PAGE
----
Coronavirus : people who live alone at risk of loneliness


Copyright of the image
Jan Maddox

Legend of the image
Jan Maddox was not able to see his partner since the eve of the lockout.

“u the last three months, the only living thing I touched is a dog. ”

For people living alone like Jan Maddox, 71 years of age, the risk of loneliness in the lock are significantly larger, according to the data.

Boris Johnson has announced that in England, adults living alone or single parents can form a “bubble of support” with another household.

But this is not the case in Wales, Cardiff Bay, saying that no changes will be made when it will be safe to do so.

And Jan, whose partner lives in the Midlands, began to fight.

“I had a social life wonderful “, she said.

“was always with friends, pub quiz, music – everything. Everything stopped. It was a time very lonely.

Jan, of Newport, is one of the nearly eight million people in the Uk who live alone. They are a group with a significantly higher risk of loneliness during the lockout.

“I have a lot of texts from friends, and the people sound, from this point of view, it was really good,” she said.

“At the beginning, we did pretty well. But now, we’re three months in … and I think that mentally, we are a little tense.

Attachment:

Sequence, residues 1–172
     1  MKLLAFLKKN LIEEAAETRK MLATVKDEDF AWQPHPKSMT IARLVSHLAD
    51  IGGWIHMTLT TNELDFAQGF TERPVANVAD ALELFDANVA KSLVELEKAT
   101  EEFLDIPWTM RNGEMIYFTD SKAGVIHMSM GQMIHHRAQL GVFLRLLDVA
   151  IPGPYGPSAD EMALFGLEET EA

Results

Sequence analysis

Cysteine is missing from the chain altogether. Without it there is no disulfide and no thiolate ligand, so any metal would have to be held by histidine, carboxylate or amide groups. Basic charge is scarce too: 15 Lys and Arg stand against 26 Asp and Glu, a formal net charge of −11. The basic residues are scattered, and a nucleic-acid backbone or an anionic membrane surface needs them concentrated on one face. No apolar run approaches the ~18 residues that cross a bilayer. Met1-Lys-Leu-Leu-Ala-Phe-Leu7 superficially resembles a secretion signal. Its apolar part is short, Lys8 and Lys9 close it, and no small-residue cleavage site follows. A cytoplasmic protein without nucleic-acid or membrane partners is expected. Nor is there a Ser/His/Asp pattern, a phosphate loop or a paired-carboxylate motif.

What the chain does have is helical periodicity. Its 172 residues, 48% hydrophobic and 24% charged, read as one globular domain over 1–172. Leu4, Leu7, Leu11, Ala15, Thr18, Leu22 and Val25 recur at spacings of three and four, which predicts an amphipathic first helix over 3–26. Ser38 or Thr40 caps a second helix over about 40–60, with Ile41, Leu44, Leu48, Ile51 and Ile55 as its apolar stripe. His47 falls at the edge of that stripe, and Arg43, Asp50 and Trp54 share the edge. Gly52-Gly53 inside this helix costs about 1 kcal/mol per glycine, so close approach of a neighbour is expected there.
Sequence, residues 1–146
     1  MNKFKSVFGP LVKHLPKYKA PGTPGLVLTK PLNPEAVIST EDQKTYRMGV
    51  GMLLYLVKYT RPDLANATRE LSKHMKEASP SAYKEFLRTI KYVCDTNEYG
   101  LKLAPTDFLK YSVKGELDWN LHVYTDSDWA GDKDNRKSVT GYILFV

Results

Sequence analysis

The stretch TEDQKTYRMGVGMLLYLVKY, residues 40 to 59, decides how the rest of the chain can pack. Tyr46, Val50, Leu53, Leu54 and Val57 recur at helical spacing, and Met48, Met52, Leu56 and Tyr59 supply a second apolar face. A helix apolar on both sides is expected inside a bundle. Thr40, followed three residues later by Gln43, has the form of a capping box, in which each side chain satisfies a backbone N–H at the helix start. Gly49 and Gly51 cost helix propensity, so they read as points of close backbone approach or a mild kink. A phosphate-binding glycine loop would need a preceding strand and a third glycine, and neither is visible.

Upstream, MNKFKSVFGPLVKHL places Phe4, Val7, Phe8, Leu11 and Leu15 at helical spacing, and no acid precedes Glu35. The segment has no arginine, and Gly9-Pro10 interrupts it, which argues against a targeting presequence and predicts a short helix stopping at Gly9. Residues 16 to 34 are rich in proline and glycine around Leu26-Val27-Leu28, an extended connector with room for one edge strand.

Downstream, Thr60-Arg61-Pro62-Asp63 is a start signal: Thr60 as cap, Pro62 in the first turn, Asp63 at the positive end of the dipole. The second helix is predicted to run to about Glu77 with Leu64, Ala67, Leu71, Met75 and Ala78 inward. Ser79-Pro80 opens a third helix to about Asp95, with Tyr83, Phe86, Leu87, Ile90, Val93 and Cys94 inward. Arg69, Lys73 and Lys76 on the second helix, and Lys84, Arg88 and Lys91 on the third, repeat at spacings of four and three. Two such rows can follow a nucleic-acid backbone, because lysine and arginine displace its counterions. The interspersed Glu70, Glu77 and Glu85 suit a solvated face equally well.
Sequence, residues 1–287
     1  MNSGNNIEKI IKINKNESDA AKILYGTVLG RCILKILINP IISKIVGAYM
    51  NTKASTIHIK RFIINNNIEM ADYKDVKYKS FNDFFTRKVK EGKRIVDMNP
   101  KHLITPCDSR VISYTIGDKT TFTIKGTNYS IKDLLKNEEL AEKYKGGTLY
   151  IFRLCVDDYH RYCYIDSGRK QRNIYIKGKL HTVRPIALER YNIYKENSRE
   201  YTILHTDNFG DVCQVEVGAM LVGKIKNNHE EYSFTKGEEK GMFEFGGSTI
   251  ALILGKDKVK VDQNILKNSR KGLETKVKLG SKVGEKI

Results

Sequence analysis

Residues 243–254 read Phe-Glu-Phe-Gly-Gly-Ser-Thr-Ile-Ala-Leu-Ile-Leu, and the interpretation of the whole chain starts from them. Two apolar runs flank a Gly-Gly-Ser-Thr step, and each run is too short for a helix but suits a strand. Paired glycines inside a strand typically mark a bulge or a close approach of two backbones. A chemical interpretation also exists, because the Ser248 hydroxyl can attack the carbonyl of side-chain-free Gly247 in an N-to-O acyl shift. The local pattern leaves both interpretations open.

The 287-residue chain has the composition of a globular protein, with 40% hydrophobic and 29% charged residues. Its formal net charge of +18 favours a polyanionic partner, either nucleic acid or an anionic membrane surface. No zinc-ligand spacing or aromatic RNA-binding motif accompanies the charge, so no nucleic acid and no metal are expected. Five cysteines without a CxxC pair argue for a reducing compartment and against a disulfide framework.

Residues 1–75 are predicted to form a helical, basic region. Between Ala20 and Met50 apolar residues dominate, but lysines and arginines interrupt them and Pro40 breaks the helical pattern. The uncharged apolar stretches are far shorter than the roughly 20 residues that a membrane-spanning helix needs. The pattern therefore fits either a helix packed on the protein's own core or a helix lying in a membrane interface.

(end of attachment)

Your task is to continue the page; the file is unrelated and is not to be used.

The next review locking in Wales is planned for 18th June, but it is not clear whether there will be similar measures of support to the bubble.

New data from the ONS showed that working-age adults living alone are more at risk of loneliness to lock the elderly, and those aged 16 to 24 years more than two times more likely to have known that those aged 55 to 69 years.

Copyright of the image
Craig Johnson

Legend of the image

Craig Johnson said to live alone for the lock has been ” draining “

Craig Johnson, 29 years old, lives in Cardiff and said there is a “tension” between what people living alone would like to see on an individual plan, and that ” the thing social collective should be “.

“e live alone in a small apartment. In normal times, I would be in large part just go home to eat, then go home to sleep.

“The rest of the time, I work in an office with colleagues, with friends either in a pub or in a restaurant or a café between friends, or friends come here to eat.

“Vas-y of march, each part of which has made my happy life, all the positive things to look forward to during the week are the kind of things that are not now permitted – and with good reason. My whole life has been a social contact and close non-essential.

“From the point of view of public health, I support the fact that they are not allowed. But it is a little of what I do, if everything I did was a good thing in my life, I can’t do this now, this has implications for the way in which you feel happy and mentally healthy.

“Drain I think that’s the word. ”

Craig said he was largely supportive “the more prudent approach” of the welsh government.

He added: “The british government has spoken of corridors quarantine between the Uk and other countries so that people can have a holiday in Portugal or Spain. I looked at this thinking: “I have not had a hug for three months. Can we balance a little bit the priorities?